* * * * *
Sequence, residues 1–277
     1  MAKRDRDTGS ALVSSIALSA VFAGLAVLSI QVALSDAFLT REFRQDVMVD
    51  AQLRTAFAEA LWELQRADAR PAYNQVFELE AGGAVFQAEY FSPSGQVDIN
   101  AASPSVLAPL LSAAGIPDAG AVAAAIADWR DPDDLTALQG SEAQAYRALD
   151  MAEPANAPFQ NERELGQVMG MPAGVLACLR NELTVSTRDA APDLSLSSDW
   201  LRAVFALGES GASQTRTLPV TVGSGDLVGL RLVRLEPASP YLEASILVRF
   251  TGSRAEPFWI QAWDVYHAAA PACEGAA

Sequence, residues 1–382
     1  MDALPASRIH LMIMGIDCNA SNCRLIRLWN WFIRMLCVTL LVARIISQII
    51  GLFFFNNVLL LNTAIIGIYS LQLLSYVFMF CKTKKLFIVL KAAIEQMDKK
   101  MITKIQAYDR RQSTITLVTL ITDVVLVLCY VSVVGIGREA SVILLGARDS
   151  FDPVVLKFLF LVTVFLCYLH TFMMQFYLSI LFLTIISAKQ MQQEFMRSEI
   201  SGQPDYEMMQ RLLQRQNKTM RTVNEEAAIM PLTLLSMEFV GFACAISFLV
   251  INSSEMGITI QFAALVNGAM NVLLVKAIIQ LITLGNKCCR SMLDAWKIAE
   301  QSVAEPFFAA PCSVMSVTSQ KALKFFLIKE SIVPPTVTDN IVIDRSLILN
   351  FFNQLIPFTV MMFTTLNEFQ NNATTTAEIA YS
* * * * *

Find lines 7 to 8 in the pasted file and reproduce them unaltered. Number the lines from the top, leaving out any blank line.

   251  TGSRAEPFWI QAWDVYHAAA PACEGAA

Sequence, residues 1–382